The Relationship between Humans and Machines
Humans and machines have a long and complicated history.
This isn’t uncommon. New technology is often disdained at first, until adoption hits a tipping point an infrastructure springs up to support it. In the translation services world, we’ve seen this happening in slow motion in regards to machine translation.
In the Beginning There was Laughter
People have been trying to make machines perform translation work for about as long as there have been machines. The moment we had working modern computers in the late 1940s and 1950s, scientists and linguists began trying to program them to perform document translation work. This has over the years proven to be much more difficult than initially thought, and even in the modern day the best machine translation tools we have are mediocre, at best, when measured against human work in the field. A pervasive attitude of disdain towards machine translation technology took root in the translation services world, and for many years the common wisdom passed from one translation professional to another was always to never, ever use a computer in your translation work unless you wanted to look foolish.
While the technology has improved, the most important change when it comes to using machines in translation work is the attitude and the thinking surrounding it.
Complement, Not Replace
In the beginnings of work on machine translation solutions the goal was to have a fully automatic translation tool, something you could feed a Russian novel into and get a complete English translation from the other end in moments. A worthy goal, never achieved. Over the years, though, the thinking has changed. Today you’ll find machine translation tools taken much more seriously by translation professionals, but the new watchword is complement.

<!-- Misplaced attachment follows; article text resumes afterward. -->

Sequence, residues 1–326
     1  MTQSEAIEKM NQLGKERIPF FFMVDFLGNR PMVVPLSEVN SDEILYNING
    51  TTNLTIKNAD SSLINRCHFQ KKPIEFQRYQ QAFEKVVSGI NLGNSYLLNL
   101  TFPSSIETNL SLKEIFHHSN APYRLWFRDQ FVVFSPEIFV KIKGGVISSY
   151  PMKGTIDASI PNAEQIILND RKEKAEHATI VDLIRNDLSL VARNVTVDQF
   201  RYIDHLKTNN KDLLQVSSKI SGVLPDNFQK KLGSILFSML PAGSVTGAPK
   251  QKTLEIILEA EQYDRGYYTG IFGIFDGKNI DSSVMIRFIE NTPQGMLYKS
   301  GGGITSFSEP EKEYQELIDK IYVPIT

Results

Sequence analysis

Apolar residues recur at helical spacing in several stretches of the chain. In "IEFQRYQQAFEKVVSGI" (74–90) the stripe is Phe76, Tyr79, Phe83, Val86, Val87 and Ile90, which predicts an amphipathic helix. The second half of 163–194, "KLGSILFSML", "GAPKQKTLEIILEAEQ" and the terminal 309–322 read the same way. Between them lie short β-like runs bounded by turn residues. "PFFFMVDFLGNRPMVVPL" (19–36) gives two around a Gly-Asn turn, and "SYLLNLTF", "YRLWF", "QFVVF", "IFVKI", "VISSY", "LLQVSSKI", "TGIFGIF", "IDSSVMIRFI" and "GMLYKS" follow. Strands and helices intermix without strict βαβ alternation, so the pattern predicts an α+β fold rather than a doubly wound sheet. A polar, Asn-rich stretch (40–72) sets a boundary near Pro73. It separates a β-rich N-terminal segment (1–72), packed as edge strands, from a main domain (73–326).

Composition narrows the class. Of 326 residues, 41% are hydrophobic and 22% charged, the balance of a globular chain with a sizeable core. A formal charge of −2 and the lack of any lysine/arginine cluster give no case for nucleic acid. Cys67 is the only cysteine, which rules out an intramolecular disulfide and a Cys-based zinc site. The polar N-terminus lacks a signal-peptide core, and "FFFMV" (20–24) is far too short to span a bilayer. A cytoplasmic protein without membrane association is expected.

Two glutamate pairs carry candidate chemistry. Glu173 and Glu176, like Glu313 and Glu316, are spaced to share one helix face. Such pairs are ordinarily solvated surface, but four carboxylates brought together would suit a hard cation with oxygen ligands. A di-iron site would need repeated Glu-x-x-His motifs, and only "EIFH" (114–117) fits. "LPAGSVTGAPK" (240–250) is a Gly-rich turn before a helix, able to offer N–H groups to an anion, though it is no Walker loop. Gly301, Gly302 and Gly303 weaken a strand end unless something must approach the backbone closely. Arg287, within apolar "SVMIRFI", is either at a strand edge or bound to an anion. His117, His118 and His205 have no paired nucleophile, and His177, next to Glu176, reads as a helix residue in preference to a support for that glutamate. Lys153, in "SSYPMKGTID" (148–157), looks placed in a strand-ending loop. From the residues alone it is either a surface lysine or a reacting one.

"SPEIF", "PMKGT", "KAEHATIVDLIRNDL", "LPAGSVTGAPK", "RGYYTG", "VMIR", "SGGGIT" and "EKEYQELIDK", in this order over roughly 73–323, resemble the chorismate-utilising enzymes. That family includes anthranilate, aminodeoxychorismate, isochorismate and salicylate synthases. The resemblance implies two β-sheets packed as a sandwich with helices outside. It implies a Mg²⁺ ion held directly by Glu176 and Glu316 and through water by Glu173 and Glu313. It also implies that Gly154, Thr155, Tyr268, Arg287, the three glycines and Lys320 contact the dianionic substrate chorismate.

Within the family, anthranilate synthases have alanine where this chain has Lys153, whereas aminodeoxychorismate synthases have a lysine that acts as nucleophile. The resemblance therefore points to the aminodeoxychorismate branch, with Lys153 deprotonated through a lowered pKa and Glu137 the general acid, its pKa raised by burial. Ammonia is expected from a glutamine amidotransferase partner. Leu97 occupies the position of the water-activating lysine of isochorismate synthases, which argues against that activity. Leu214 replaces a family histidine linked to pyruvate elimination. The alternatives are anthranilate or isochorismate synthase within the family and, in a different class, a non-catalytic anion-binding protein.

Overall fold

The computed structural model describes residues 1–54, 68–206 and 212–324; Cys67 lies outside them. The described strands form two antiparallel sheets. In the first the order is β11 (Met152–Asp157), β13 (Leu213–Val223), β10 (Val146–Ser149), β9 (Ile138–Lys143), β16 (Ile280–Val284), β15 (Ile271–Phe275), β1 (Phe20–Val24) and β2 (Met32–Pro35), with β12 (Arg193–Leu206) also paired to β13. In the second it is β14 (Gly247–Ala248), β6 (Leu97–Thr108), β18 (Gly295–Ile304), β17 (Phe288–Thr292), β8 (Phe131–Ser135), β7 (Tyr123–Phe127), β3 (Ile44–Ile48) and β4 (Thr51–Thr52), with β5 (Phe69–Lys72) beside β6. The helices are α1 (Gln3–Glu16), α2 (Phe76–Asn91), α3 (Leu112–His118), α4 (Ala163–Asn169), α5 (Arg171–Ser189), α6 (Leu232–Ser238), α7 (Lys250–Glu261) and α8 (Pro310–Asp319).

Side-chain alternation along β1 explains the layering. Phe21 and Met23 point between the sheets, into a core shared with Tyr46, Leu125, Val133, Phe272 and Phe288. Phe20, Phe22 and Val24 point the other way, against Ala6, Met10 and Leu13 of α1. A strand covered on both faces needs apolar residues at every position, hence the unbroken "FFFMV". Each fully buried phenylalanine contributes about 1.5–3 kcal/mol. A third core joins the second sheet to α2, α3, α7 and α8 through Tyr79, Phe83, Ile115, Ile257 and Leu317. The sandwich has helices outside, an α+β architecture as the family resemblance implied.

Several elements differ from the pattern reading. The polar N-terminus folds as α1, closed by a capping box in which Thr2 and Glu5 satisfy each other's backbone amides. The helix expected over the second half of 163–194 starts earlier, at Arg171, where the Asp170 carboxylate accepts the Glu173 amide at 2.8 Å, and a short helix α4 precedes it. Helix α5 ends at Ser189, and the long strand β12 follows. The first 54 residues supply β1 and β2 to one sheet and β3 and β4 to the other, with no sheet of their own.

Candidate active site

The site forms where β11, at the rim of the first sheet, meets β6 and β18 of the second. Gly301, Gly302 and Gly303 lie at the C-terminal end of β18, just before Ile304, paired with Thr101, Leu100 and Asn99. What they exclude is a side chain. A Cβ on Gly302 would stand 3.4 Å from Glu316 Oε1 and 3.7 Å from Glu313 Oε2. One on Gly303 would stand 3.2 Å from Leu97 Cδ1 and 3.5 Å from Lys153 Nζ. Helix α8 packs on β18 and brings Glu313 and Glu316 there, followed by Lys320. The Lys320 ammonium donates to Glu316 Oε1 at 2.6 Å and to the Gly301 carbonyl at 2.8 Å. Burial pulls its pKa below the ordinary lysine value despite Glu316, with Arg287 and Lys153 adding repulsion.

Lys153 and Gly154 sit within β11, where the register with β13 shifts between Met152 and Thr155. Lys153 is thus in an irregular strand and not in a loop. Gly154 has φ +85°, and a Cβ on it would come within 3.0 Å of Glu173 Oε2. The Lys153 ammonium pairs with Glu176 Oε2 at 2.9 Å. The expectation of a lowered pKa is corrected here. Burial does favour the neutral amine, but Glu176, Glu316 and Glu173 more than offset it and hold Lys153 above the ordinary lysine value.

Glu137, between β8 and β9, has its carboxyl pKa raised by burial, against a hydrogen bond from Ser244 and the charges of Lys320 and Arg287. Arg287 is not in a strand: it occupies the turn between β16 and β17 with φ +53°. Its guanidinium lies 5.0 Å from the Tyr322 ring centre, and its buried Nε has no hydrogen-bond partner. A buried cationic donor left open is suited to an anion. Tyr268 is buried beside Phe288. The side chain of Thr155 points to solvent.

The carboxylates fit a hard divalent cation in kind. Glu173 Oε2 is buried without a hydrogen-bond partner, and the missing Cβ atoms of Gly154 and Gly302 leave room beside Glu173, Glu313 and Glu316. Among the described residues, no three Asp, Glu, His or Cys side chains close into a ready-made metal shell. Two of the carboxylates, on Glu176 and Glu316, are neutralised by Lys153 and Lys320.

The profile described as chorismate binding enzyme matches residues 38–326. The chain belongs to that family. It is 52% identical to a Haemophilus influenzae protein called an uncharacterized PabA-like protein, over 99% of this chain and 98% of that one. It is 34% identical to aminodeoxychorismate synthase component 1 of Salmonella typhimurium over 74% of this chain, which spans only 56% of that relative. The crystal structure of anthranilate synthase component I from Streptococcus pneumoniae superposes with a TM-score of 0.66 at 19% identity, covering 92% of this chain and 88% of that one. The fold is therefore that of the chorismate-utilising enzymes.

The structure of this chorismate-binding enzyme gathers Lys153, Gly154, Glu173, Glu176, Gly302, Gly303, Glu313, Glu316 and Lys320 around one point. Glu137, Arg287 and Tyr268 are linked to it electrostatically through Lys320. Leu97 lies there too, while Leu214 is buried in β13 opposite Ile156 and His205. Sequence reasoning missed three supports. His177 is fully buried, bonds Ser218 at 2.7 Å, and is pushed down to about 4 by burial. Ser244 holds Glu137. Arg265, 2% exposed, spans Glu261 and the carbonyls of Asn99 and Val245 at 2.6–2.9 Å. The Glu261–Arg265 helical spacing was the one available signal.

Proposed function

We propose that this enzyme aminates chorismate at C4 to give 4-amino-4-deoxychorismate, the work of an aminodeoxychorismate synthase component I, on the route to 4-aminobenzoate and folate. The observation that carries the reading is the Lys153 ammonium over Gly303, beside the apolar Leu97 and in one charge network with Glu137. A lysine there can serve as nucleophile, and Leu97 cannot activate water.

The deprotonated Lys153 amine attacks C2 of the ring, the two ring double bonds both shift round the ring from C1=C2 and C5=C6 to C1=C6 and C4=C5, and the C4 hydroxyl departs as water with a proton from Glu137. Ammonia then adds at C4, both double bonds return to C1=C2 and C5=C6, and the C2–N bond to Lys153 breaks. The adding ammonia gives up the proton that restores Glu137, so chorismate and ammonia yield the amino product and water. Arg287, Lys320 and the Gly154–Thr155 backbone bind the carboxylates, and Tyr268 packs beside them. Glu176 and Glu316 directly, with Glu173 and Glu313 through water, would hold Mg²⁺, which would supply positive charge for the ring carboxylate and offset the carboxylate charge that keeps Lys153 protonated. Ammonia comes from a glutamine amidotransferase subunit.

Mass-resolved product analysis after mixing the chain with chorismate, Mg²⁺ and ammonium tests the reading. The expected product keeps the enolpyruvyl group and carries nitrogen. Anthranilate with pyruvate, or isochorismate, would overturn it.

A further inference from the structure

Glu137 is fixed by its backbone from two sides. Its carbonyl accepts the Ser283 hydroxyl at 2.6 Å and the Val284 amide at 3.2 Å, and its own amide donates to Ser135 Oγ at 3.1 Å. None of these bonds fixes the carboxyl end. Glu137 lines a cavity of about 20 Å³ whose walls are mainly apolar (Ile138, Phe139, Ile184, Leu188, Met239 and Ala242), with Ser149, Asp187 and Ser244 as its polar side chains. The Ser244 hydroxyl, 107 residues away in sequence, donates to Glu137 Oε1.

Instead of trying to build a tool that would replace human translators, the new thinking is that modern technology can give those human translators a lot of assistance. It already does. The fact remains that in order to produce a high quality translation of just about any document of any kind of complexity, you must have a human being who is fluent in both the languages and the cultures involved – something still beyond even the most complex artificial intelligence out there. But those humans can – and do – use computer tools that can both suggest the right vocabulary but also inform on cultural aspects of a translation. Today, machines complement humans in translation work, they don’t replace them!
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